Dr Shetty is looking to establish a training agreement with Ethiopia, which he believes to be the only country in the world without an overly powerful medical association.

He says: “We have been trying to set up something in Ethiopia. It has no medical council. The prime minister was a medical student and he said ‘do not allow these associations to be founded’. They will scuttle the growth of healthcare manpower.”

Dr Shetty is also forthright about the role of medical associations in restricting a truly global labour market for medical staff. “All these entrance exams are made to protect the jobs rather than control the quality,” he says. “Why can’t they allow a British doctor to work in Canada or America?”

Global standard

His solution is a single university that sets the same standard across the world.

“We are trying to propose to world leaders that we just have one global university for healthcare,” he says. “This will create the curriculum. There will be some variation between countries but pain relief or a hernia [are the same everywhere].

“One university, with one curriculum, can conduct exams in any part of the world. I have been proposing it each time I meet somebody. But unless you are a doctor people don’t understand what we are talking about.”

After capital investment, Dr Shetty says workforce reform is the second biggest challenge he has faced in building Narayana. In 2006 the World Health Organization put the global shortfall of healthcare workers at four million. But Dr Shetty is pessimistic about this estimate: “We believe it is more than eight million,” he says. “That shortage will really start to manifest itself in the next two or three years.”

He is blunt about a solution: “We need to churn out thousands and thousands of doctors.”

The airline safety metaphor is also one he also uses for nurse training.

“Suppose we are training a pilot. When we train a pilot we spend all our time making sure he will take off and land safely. His entire training is about safely flying the plane, it’s not about how the engine works.

“Nurse training [now] is about how the whole system works. There is no point in [nurses] knowing everything about everything. In those areas where they are trained they should be experts. If [a nurse] is working on an ICU, he or she should know everything about the ventilator and what to do when the blood pressure goes up.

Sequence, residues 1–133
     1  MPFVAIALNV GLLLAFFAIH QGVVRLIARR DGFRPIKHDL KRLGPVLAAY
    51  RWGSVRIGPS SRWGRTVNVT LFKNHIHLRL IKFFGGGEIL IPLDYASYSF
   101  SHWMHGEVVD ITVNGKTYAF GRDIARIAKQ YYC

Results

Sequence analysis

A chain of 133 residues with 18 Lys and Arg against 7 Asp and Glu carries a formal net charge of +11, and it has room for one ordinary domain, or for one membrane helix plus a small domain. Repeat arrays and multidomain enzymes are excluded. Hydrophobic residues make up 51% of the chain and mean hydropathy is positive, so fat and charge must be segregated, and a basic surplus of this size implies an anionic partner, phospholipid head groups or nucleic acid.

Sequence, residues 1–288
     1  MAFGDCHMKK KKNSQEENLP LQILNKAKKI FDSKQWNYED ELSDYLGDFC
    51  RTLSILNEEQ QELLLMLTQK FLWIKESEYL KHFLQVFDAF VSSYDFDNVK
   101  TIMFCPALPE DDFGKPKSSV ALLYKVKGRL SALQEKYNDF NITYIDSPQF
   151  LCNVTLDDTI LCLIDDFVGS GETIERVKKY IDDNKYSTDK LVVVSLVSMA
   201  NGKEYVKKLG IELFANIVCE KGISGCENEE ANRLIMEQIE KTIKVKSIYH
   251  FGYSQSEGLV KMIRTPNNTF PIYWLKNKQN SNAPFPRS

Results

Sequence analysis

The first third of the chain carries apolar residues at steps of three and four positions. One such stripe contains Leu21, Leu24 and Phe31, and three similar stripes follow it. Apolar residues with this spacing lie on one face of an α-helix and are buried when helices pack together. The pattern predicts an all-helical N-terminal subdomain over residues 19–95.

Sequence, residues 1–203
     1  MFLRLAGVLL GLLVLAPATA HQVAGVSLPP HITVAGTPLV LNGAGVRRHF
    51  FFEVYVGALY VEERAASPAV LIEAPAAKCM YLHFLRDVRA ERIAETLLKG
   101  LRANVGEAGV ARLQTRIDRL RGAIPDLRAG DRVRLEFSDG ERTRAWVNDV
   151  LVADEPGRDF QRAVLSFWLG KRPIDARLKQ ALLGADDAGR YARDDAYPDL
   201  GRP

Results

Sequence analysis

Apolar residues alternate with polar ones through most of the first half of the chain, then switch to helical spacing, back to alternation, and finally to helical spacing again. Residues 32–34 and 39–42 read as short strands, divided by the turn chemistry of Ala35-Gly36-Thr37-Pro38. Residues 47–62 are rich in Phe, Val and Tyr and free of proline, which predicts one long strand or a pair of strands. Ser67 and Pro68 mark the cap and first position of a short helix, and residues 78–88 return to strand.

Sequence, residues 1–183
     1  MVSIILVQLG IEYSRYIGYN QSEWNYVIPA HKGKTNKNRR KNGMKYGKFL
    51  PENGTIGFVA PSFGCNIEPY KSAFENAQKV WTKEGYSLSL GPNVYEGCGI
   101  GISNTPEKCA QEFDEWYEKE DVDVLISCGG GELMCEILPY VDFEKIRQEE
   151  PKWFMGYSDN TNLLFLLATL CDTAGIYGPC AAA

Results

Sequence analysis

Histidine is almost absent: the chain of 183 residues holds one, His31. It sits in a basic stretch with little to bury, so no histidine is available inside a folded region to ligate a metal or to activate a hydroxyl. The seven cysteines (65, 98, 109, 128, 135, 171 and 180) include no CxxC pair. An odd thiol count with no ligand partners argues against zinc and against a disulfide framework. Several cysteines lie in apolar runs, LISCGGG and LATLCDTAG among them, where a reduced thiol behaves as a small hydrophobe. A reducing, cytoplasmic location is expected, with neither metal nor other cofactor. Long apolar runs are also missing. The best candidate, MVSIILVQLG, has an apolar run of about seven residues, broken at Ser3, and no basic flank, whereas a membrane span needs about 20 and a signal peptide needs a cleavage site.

“We are training nurses to become nurse intensivists.”

But he admits it is not easy: “All over the world it is a problem that people are uncomfortable training other people to do their job.”

Star question - Jonathon Tomlinson, a GP in London, asks:

Q. Dr Shetty told the Nuffield Trust summit in February that the “cost of healthcare will not get reduced in the US and Europe unless Asia and Africa become healthcare markets”. Can this be explained further?

A. Dr Shetty tells HSJ that at the moment there are “very few” buyers for the big pieces of medical equipment. “As the Asian healthcare market expands it will become like buying a washing machine,” he claims, resulting in greater standardisation and lower prices.

He does not see the implications of his workforce system, or the introduction of checklists and greater medical procedure specialisation, as de-skilling the medical workforce in any way.

Asked if he explicitly conceives of his approach as industrial and his hospitals as factories he says his aim is simply “to democratise healthcare”. In return, he poses the question: why would you not configure the workforce as cost effectively as possible to achieve that?

The figures he produced at the Nuffield conference make this point – while India needs 2.5 million heart procedures a year, it performs only 90,000.

Dr Shetty tells HSJ: “I have the privilege of being a heart surgeon. Someone else is trained to repair a car and I am trained to repair a heart. That doesn’t make them any less intelligent or less smart. Most people can be trained to do most things.”

He made a similar point at his Nuffield summit appearance, where he spoke via video link, before finishing his talk by showing the assembled health policy experts a painting on his office wall. He said viewers might have thought it was a Monet or the product of another famous artist – it was actually the work of a trained elephant in Thailand.